Plants of Concern, the Chicago Botanic Garden’s citizen science rare-plant monitoring program, made steps toward extending its boundaries to southern Illinois. Many rare plants occur in southern Illinois, and local communities want to assess the health of these plant populations. However, they currently lack a standardized method of large-scale monitoring of rare plants. Plants of Concern (POC) scientists traveled to Southern Illinois University at Carbondale (SIUC) in mid-May to train members of Dr. David Gibson’s lab in rare-plant monitoring techniques as part of a U.S. Forest Service project. With the goal of learning by doing, POC demonstrated its protocol in a group field day, monitoring four rare species at various sites in the Shawnee National Forest, including the endangered Illinois heart-leaved plantain (Plantago cordata).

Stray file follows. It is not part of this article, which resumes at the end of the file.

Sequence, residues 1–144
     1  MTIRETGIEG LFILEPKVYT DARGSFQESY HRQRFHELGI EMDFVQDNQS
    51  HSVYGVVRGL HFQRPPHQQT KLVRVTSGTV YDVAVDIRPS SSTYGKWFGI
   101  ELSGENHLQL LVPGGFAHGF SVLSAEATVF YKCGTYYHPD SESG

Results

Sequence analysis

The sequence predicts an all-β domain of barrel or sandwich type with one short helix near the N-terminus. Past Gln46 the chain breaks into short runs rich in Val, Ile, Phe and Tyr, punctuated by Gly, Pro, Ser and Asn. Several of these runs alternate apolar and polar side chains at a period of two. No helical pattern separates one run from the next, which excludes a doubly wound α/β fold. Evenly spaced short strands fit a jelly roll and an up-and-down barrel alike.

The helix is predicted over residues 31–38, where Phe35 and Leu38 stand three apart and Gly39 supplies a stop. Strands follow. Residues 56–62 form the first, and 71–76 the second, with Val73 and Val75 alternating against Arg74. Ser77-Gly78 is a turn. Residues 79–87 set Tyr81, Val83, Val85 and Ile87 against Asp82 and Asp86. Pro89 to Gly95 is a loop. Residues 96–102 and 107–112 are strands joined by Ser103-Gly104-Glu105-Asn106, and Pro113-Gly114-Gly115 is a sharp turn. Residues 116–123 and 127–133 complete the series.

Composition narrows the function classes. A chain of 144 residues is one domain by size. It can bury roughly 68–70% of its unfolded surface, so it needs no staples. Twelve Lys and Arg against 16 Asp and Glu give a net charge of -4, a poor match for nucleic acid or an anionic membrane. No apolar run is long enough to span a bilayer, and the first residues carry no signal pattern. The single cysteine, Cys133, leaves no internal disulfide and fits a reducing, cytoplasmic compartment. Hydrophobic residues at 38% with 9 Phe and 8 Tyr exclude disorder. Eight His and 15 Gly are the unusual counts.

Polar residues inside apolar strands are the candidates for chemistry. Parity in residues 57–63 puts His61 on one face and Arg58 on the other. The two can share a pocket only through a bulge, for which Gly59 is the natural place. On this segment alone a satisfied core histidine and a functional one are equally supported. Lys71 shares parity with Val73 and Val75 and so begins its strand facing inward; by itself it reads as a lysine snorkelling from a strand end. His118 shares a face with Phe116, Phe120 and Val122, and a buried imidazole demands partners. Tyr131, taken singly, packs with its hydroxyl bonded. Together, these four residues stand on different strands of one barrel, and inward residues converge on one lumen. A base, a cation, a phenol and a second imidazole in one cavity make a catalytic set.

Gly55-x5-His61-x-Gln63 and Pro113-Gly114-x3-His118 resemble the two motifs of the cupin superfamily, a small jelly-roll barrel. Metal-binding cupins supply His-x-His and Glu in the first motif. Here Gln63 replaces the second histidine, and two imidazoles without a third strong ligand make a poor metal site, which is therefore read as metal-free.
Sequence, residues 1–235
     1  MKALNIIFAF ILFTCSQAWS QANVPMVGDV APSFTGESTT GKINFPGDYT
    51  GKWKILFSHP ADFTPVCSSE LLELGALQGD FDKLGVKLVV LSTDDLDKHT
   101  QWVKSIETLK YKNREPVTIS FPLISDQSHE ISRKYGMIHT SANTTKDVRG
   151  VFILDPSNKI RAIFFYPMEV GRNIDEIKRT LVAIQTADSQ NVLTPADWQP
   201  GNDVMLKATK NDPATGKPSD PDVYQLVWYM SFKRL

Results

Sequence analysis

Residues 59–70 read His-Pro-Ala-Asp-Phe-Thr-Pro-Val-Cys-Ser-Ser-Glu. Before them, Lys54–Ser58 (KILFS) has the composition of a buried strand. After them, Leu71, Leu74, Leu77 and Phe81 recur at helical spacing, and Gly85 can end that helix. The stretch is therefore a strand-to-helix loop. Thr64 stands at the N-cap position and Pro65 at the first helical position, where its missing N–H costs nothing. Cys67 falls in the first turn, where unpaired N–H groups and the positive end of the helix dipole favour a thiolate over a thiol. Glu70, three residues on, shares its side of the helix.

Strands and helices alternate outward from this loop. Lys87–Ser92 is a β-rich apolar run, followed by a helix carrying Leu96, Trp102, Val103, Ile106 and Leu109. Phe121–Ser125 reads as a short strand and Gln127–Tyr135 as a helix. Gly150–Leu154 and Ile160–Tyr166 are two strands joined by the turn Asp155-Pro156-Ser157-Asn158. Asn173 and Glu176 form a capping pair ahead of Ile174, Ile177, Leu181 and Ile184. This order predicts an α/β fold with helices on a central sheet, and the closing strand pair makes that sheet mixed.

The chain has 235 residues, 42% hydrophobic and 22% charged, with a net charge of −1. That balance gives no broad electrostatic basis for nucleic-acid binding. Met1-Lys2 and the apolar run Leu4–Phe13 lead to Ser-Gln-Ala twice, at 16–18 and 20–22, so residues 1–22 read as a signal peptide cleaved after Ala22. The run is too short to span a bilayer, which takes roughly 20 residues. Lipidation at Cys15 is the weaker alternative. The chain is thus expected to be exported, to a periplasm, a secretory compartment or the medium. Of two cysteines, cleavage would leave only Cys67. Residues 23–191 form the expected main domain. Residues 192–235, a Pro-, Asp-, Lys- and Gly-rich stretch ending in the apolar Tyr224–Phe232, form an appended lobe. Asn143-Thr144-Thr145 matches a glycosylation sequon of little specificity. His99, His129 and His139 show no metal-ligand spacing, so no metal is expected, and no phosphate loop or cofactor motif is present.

Gretel Kiefer, manager of Plants of Concern, said, “We are really excited to partner with conservation organizations working in and around the Shawnee National Forest. Using the Plants of Concern monitoring protocol will improve rare-plant conservation in southern Illinois.”
Documenting and monitoring rare-plant populations are key to plant conservation. The Chicago Botanic Garden has this expertise and wants to share it.